“How long has Katey had her license?”
“Since April. Her mom lets her drive to school.”
Steve leaned back in his chair and crossed his arms. “By herself?”
“Keep the radio down. And watch your mirrors in the parking lots. And no texting! If she hits an object you can always replace it but if she hits a person—”
“Dad I know the drill. I have to go.”
Steve sighed. “Be home by ten.”
“The movie doesn’t let out until 10:30.”
“Eleven, then. No later. And come through the front this time so the garage door doesn’t wake me up.”
Sarah hugged him again. “Love you!”
* * *
Home from work, Leslie pressed the garage door remote on her sun visor and eased her car beside the blue recycle bins stacked beneath a row of hanging garden tools.
Greeted by a kiss from Steve when she entered the house, she slid her purse off her shoulder and took the glass of red wine he offered her. “What’s this for?” she asked, taking a sip of the California burgundy.
Steve walked to the kitchen and corked the bottle he’d left on the counter. “I thought we’d celebrate tonight.”
“You. Sarah. My new job.”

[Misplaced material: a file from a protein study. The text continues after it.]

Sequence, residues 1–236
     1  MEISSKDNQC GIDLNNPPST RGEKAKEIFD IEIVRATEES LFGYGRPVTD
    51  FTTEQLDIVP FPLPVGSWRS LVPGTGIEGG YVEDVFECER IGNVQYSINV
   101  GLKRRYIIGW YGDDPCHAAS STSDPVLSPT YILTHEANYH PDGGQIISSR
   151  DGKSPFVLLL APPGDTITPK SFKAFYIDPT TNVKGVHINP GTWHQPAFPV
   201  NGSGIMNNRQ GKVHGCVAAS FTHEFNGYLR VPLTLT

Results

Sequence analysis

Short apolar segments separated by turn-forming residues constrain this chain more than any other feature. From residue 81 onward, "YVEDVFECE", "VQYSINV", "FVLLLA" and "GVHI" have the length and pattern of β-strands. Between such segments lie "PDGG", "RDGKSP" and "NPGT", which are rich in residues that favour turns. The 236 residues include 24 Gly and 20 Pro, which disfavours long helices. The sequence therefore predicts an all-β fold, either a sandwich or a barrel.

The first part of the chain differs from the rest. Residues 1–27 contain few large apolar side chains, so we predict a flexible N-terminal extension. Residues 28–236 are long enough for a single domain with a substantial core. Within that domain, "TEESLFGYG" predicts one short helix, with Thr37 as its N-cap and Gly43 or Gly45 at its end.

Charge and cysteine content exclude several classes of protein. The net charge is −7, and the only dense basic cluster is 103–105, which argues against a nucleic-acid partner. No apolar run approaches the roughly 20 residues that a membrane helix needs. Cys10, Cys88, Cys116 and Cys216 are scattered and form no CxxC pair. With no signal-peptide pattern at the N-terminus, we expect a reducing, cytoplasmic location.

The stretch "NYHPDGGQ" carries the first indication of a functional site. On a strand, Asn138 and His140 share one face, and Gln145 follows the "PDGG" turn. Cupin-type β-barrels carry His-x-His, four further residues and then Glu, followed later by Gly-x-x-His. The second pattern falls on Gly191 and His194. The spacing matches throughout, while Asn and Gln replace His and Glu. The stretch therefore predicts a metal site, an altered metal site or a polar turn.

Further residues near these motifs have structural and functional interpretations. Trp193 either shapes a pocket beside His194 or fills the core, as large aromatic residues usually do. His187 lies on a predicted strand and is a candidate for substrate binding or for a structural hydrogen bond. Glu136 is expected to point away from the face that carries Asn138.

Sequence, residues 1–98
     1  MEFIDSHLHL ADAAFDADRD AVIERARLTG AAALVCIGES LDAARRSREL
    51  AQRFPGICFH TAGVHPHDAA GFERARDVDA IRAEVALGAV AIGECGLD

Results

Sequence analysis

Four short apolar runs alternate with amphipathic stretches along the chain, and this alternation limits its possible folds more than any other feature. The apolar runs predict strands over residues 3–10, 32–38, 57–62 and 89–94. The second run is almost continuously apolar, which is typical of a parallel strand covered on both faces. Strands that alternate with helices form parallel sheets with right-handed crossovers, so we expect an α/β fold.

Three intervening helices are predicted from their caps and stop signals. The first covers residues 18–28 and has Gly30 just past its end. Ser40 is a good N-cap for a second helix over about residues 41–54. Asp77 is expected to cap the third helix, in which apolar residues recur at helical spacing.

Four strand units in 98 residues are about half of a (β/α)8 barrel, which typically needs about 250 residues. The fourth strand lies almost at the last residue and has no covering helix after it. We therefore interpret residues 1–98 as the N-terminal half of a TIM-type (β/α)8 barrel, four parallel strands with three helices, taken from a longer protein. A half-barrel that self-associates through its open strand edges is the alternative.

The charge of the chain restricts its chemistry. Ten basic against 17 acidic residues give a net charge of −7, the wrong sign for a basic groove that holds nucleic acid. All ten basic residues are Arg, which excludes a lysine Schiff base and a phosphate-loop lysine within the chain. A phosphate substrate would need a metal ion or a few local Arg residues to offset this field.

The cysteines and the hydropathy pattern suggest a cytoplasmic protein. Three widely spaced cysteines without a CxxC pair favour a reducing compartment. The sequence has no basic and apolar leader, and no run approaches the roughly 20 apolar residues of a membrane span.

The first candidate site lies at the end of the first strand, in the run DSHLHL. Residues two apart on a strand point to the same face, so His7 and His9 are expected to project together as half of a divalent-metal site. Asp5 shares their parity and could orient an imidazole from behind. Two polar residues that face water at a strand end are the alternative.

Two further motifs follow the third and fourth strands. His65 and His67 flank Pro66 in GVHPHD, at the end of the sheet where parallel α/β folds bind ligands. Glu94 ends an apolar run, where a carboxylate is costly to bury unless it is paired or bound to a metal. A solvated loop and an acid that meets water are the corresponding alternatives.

Leslie smiled. “You got the position?”
“Looks like it.”
Leslie put her glass on the table and hugged him. “I’m so proud of you! Why didn’t you call me with the news?”
“I just found out a few minutes ago. The letter’s been sitting on my desk all day. I couldn’t bring myself to open it.”
“Is Sarah home?”
“She left for the mall with Katey.” He adjusted the thermostat on the wall. “I told her to be back by eleven. She said she’d already talked to you about it.”
“I told her she could go if it was okay with you.”
“I guess we can’t keep her locked in here forever.”
Leslie touched his arm. “As long as she’s with Katey and her friends she’ll be fine.”
Steve kissed her again; this time, passionately as he pressed his lips against hers and felt her body go limp. “I missed you.”
“I missed you more.”
“You were smoking again, weren’t you?”
“Did you wear the patch?”
“It doesn’t work for me.”
“You have to give it more time.”
Leslie took her shoes off and placed them on the floor by the stairs. She rubbed her chest where her bra chafed the skin. “Maybe if I wear it on my forehead, the nicotine will soak in faster.” She took another sip of wine. “The FBI called me at work this morning.”
“The same agent who called before?”
“No, a different one. Some guy named Chen. He said the Mexican authorities are still investigating.”
Steve shook his head. “It’s been over a year.”
Leslie shrugged. “I’m just telling you what he told me.”
“The Mexican authorities are stonewalling.”
“What else did you expect? One of their own people tried to kill us. That’s not something they want to make public.”
“What about Hot Spot Vacations? Someone in their organization had to be involved.”
Leslie sipped her wine. “The FBI said they found no record of any company named Hot Spot Vacations.”
“That’s what the agent told me. It’s like they disappeared without a trace…”